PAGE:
Godspeed Mary Grady


Mary Grady, one of AVweb’s longest-serving, most dedicated and respected contributing editors, died at her home in Warwick, Rhode Island, on March 12 after a long illness.

Mary was one of the founding members of the internet experiment that became AVweb and continued as a key staff writer until her health challenges prompted a leave of absence earlier this year. She worked for AVweb for 20 years and wrote thousands of articles. To the best of anyone’s recollection she never missed a deadline.

“Mary had a quiet strength in her professional skills, but also in the way she carried herself,” said Tim Cole, AVweb’s editorial director. “When deadlines loomed or big, late-breaking stories came knocking, Mary was the calm, reliable, get-it-done pro in the eye of the storm. We depended on her for everything, and will go forward trying to live by her example.”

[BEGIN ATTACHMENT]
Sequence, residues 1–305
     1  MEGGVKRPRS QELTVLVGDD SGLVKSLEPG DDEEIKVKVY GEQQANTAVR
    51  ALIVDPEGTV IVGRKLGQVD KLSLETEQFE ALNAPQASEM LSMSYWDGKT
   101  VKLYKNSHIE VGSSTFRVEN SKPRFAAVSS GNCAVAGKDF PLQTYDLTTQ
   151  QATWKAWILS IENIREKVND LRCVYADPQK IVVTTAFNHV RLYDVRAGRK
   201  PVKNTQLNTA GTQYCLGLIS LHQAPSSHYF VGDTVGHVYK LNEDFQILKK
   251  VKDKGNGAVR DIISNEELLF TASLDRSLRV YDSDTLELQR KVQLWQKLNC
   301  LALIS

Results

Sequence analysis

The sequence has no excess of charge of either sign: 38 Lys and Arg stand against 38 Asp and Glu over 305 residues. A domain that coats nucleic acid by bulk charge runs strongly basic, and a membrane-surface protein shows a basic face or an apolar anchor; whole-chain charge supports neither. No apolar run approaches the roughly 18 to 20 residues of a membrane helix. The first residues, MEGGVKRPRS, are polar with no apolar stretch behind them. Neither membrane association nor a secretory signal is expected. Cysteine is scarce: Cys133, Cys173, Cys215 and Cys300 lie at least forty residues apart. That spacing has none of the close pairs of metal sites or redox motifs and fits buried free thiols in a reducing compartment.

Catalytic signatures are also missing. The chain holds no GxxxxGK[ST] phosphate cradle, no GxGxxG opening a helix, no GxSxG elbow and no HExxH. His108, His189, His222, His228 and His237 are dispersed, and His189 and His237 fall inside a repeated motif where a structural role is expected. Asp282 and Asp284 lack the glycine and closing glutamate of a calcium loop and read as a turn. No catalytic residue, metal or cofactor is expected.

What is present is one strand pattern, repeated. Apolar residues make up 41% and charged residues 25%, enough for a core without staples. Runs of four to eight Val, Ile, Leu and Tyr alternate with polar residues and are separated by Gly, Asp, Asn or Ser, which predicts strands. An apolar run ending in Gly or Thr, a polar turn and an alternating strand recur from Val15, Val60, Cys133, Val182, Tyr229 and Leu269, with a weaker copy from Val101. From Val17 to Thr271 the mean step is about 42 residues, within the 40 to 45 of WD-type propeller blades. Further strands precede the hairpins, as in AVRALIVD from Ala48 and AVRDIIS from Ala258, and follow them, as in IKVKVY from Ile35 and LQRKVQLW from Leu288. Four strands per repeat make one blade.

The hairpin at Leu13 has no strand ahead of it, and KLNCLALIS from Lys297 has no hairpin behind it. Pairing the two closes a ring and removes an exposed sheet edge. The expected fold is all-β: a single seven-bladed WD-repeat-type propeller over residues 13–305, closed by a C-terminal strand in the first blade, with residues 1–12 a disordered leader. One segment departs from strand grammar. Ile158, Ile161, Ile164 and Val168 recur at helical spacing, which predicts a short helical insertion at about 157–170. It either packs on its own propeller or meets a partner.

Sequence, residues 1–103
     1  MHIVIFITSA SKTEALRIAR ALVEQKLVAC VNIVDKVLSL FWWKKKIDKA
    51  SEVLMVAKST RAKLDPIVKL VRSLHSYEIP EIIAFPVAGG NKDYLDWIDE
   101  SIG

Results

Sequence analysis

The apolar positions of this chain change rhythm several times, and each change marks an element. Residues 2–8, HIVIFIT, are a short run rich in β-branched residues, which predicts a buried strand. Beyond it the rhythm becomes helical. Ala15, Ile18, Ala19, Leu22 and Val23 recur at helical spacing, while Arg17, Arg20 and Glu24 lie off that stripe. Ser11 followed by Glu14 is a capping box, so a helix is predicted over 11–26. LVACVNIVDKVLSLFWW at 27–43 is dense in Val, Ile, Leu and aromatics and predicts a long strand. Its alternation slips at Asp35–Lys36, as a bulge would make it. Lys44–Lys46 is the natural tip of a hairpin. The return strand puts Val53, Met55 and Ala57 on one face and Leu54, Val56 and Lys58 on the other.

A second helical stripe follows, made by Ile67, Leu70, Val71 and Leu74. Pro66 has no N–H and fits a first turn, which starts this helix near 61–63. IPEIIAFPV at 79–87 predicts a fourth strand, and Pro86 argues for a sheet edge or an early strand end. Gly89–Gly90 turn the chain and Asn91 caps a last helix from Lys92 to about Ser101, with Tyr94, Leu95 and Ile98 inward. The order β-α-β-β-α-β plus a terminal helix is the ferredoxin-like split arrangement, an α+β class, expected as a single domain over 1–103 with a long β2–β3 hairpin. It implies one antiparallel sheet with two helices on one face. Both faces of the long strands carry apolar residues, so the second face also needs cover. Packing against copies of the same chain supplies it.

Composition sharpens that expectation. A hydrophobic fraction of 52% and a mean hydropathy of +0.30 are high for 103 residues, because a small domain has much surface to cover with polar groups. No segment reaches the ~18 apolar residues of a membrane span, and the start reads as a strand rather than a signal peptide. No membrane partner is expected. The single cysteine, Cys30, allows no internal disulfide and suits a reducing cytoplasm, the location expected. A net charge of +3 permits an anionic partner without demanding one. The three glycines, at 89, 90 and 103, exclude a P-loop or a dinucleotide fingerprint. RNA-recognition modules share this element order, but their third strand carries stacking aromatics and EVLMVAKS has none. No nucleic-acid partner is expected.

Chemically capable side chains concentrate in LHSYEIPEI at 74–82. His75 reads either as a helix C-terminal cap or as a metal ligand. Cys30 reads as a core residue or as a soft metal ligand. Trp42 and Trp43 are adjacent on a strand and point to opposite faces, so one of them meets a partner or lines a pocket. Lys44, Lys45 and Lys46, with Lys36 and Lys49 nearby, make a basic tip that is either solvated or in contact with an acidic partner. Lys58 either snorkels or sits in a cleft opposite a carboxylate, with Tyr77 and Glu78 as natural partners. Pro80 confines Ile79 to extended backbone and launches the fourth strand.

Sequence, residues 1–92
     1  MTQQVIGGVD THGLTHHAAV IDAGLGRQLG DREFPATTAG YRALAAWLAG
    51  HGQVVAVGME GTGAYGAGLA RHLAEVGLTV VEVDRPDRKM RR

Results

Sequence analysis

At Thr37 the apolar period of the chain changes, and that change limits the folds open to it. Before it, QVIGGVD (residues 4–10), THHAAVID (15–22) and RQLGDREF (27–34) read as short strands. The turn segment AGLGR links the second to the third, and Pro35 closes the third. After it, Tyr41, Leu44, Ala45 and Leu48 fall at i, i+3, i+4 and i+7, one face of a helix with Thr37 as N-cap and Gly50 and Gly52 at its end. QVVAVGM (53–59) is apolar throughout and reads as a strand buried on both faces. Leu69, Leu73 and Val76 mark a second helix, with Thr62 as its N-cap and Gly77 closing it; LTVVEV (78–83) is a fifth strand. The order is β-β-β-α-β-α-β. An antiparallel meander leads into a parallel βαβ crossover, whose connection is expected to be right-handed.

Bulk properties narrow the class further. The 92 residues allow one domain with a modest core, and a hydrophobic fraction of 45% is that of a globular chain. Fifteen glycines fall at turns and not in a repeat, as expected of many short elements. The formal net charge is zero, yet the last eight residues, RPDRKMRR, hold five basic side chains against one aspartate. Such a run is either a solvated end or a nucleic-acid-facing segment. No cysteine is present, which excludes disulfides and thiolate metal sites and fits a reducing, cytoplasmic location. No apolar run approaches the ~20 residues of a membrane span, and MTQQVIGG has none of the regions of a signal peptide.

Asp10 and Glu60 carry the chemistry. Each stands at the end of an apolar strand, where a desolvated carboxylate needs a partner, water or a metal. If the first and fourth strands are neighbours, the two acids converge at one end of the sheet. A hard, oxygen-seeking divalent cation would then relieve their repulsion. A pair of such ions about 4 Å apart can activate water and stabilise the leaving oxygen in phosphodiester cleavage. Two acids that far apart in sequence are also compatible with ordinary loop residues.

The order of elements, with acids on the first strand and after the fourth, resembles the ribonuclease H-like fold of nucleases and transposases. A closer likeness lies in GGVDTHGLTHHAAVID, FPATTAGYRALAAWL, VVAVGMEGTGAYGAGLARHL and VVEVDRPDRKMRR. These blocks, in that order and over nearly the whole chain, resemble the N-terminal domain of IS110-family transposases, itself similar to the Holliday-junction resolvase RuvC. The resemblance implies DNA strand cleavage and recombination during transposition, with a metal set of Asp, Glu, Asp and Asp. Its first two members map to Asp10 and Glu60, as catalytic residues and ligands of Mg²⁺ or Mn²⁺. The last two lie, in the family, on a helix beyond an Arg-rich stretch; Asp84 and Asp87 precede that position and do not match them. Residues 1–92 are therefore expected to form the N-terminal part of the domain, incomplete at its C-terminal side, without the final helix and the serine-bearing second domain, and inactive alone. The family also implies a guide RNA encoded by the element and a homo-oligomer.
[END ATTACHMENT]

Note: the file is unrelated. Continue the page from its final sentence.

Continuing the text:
In her long career, she covered the full gamut of aviation stories from balloons to supersonic aircraft and did so with precision, clarity and balance. She was especially interested in new innovations that made aviation more accessible, safer and more environmentally responsible. She also covered aviation for Robb Report.

Mary was born in Providence, the capital of her beloved Rhode Island, in 1955 and spent most of her life there, most recently at her home a few steps from Narragansett Bay. She was a passionate environmentalist and was an adjunct professor of geography and environmental science at Rhode Island College. In her “other” journalism career, Mary won numerous awards for environmental reporting and was the author of three books.

But journalism was just an expression and outlet for Mary’s passion to learn, discover, explore and teach. After graduating college in Rhode Island, she obtained a Master’s Degree in Geography in Hawaii. She obtained her balloon and private pilot certificates and worked as an instructor on both in California and Florida. She was also a sailing instructor on the Tall Ship Rose, a replica of an 18th century Royal Navy frigate. Private services are planned.